In Santorum, Death or Vindication for Democracy?

Especially given Rick Santorum’s two recent wins, and headlines practically blaring Romney’s concomitant weaknesses, I tend to see the Republican primaries as proof of a problem without a solution: members of a democracy don’t always vote for the superior candidate.

To be perfectly clear, I’m no fan of Mitt Romney. But I think it’s reasonable to conclude that he’s a better experienced and substantially less extreme (fleeting appearances to the contrary) nominee than Rick Santorum, and therefore objectively better equipped to run a twenty-first century democracy, where decisions must be made on the basis of reality rather than wishful ideology. Polls and mounting unfavorables to the contrary, Romney’s also better equipped to beat Obama in the general election, as Santorum’s ability to energize for the base simply cannot make up for the mass exodus of moderates Republicans will witness following a Santorum convention.

This is to say, if Republican primary voters are attempting to rationally select (1) the best President (2) who is also best-equipped to defeat the sitting President, they’re doing a bad job of it, or the democratic process is failing to translate their preferences into useful results. My conclusion holds even if Republicans are trying to select, instead, (1) the most conservative (read: extreme) candidate (2) who is also electable.

Given this bleak outlook, there’s one way to save democracy: if we imagine that, despite the voters’ stated goals, the Republican electorate is actually engaged in a longer game of which they’re not even consciously aware: crafting the party over the long term. Here we see two possible narratives emerge:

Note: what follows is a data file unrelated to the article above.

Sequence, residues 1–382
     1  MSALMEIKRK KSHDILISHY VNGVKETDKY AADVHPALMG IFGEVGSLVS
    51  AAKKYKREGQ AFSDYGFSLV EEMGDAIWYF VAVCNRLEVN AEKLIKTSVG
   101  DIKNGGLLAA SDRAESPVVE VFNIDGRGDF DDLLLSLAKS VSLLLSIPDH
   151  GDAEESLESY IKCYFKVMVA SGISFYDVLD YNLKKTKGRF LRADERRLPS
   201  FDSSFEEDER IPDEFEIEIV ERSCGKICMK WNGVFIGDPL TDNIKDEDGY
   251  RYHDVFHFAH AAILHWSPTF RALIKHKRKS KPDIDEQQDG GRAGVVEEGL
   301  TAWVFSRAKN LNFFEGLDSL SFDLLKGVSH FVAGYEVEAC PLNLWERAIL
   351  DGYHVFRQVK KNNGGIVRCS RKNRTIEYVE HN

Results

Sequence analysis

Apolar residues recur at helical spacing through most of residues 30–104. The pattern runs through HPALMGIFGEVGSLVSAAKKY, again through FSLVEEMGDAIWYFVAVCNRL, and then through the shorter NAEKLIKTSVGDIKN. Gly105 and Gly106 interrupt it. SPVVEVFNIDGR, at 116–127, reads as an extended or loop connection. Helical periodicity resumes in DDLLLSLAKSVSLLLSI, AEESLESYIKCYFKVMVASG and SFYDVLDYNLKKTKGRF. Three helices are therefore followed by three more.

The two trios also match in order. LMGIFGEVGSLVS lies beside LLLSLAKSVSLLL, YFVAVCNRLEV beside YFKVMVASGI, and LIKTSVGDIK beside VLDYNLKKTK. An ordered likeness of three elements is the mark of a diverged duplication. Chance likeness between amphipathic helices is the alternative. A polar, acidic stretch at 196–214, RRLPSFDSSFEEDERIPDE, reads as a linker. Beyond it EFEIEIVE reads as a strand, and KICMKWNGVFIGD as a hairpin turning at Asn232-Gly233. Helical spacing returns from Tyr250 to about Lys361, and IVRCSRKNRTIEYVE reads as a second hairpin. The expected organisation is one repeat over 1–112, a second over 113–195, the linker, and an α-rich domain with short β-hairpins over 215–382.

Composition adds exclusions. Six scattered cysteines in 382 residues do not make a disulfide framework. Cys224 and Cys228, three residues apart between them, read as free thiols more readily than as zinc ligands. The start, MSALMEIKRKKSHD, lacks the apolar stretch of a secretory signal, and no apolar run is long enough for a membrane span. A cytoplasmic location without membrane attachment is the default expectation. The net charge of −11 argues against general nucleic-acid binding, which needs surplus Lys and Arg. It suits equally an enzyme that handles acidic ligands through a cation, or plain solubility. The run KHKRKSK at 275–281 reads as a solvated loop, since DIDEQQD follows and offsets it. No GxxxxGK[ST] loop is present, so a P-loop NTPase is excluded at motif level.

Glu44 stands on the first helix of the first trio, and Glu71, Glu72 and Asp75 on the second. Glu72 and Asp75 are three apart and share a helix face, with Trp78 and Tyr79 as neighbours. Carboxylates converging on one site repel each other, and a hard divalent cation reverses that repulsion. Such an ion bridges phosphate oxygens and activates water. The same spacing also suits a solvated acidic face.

First, Republicans are happy to take a dive this term, so long as by nominating a conservative candidate, they build a philosophy that can win given enough time, and set the stage for a better message man to win with it. Call this the Goldwater option (per Toobin’s analysis), under which Republicans nominate an evangelical to signal (and cue up) an evangelical revolution, knowing it’ll take about four years to incubate. Even so, this seems like objectively bad strategy, because the current facts don’t fit the Goldwater pattern. Santorum’s evangelical revolution is not so much a true revolution as a counterrevolution against an infant post-culture wars finance-centered Republican Party, happily smothered in its cradle by the chaotic influence of the Tea Party. And, more importantly, the electorate isn’t just “not ready” for Santorum-style theocracy; they’ve affirmatively rejected it in poll after poll showing support for gay marriage rising by the day, and shock at Santorum’s anachronistic opposition to contraception (I mean, really). Truly, Santorum is one of the finest minds of the 13th century… and (maybe) a good alternative to George W. Bush. In the 2000 primaries.

SecondRepublicans are engaged in the eschatalogical reinvention of their party, a process that can only be begun by the ritualistic sacrifice of a fundamentalist scapegoat. In Santorum, they’ve found their man. By this theory, Republicans really believe that they lost in 2008 because they weren’t conservative enough, and aim to test the theory by setting a paleoconservative against a week incumbent. If they win, they’ve proved a theory, and the Party can continue to radicalize apace. But when they lose, Santorum absorbs the blame, as a proxy for the religious right, and moderates may begin the arduous task of extirpating the fundamentalist influence on their party.

I want to believe the second narrative is true, but it’s one that entirely deprives the voters of agency. The justification for why democracy “works” in this case is that the electorate is either smarter than its component parts, like a hyper-efficient market, or force standing “behind the veil, unseen yet present”; or that we expect to spin gold from whatever electoral straw the electorate hands us.

Maybe the answer is that democracy can’t be judged by the short-term, or by individual elections, but only in retrospect. The arc of the Republican primary is long, but it bends towards… something?

Stay Uselessby the Cloud Nothings

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